Nara – ancient capital with an impressive array of temples. The must see sights include Todai-ji a Buddhist temple listed as a UNESCO World Heritage Site and its Great Buddha Hall is the largest wooden building in the world. It houses the world`s largest bronze statue of the Buddha Vairocana, known in Japanese as Daibutsu (大仏).

    Hiroshima – a great modern city that has rebuilt itself from the ashes of the past and is now a vibrant lively and green city. The highlights on any visit include Hiroshima Peace Memorial Park, Peace Memorial Museum, Genbaku Dome (Atomic Bomb Dome), Hiroshima-jo castle and Miyajima.

    Source(s): Japan Travel Advice http://japantraveladvice.com/
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  • Anonymous
    8 years ago

    That is a very broad subject, and Japan is a very long and narrow country that has many ancient buildings as well as modern ones, coexisting in a wonderful, harmonized way.

    To start planning a trip to Japan, the first thing you should do is to head to a travel agency near you, pick up some brochures there, decide what interests you, look up the things you are interested in online, decide which cities to visit(where the things you are interested in are located). Then you can plan on in which season you want to go there, and where to stay.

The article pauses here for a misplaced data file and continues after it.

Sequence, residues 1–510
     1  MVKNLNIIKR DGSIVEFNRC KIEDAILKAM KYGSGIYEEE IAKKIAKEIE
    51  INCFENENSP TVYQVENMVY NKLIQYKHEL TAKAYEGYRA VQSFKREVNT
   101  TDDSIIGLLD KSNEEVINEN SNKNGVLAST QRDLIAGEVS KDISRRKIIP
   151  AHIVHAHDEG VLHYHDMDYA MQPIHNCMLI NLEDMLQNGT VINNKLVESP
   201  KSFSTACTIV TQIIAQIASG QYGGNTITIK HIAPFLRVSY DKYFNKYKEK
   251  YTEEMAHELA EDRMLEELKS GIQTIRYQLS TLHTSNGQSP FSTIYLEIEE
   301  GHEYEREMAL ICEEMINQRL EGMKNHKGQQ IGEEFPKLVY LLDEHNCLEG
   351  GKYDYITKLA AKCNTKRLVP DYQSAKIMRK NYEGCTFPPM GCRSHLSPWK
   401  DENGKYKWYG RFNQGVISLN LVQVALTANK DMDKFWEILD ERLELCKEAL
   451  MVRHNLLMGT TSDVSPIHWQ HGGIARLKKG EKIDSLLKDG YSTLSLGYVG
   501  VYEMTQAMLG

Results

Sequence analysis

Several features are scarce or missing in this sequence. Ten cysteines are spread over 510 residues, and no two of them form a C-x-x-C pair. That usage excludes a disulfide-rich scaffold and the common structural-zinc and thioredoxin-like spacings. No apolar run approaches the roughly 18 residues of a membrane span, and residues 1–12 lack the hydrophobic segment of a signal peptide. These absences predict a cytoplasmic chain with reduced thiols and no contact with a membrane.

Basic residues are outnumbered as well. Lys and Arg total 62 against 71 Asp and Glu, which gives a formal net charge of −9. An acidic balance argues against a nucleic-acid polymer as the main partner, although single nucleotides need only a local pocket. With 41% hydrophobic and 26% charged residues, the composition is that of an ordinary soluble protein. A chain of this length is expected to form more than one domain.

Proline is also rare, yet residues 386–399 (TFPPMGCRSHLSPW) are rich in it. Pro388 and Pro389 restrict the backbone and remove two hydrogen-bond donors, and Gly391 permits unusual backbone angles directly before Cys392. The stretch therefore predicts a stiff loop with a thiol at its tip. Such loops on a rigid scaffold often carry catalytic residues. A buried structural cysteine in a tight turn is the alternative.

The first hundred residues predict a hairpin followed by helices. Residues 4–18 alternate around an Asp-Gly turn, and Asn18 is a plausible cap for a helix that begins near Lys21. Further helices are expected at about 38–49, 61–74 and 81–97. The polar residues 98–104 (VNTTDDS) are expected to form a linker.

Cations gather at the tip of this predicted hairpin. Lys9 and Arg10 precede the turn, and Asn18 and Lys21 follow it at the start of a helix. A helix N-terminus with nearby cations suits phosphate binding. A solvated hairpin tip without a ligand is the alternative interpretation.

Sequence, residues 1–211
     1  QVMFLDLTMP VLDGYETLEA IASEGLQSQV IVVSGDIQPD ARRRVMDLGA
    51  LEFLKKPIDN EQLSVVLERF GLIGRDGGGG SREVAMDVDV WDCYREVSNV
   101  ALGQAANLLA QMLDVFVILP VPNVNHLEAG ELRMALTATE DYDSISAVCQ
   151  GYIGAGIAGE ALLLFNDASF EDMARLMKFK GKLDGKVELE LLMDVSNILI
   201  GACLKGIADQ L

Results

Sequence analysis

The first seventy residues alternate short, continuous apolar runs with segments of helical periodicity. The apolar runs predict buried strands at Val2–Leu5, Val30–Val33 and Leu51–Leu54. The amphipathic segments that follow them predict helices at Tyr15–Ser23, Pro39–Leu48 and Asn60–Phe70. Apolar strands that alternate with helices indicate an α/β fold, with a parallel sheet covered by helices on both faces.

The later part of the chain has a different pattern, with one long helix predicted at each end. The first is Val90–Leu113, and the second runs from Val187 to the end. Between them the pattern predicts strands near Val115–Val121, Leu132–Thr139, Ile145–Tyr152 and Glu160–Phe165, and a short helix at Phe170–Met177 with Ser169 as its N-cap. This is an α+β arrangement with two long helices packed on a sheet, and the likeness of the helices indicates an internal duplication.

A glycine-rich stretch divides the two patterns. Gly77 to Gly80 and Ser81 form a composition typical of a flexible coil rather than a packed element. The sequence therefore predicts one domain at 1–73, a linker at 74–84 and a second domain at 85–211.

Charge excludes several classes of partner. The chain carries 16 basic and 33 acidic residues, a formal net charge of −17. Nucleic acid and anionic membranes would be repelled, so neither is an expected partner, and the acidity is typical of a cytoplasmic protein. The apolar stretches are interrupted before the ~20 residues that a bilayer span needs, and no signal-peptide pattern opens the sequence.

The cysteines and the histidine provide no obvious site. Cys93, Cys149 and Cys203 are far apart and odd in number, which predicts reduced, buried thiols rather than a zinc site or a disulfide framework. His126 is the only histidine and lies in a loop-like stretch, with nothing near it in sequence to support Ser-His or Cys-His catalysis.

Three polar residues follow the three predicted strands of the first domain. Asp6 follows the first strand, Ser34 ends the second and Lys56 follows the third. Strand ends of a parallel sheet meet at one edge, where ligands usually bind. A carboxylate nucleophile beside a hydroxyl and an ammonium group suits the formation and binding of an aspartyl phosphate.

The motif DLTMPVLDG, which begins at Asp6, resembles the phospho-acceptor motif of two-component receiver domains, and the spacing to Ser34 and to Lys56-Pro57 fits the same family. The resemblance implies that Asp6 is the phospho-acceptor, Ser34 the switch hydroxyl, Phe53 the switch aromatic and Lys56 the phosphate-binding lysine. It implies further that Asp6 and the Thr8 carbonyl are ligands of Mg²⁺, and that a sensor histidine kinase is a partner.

By the way, Japan does not have many large shopping malls as North America does. Nagoya is an exception to this.

    Source(s): Have been there 8 times sofar.
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  • Anonymous
    8 years ago

    Coming to Japan to see malls is like going to America to see Walmart.

    Buildings are another matter. New, big, tall-ish buildings? Tokyo and maybe Osaka. Old, traditional buildings? Kyoto and Nara.

    Sapporo is a great place but you basically have to fly there from inside the country (you can do it by train but it takes a very long time).

    And Okinawa's at the other end of the country so unless you have a pretty long time you're unlikely to get it all in. Japan is larger than you might imagine.

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  • Anonymous
    3 years ago

    Tokyo is not only the political and economical centre of Japan but it has also emerged as a centre of the world economy and culture so is a city worth visit; with hotelbye you will see more. There are a number of attractions in Tokyo that should not be missed. There are large-scale downtown areas, including Ginza where famous shops from around the world stand side by side, the sleepless Shinjuku that has become the "new city centre of Tokyo," Asakusa which is reminiscent of the traditional Edo (the former name of Tokyo) and Shibuya that starts the trends for the young people. Tokyo is an interesting city, a city that you will never forget once you visit it.

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  • Quinn
    Lv 6
    8 years ago

    If you want buildings and malls, then you want either Tokyo or Osaka.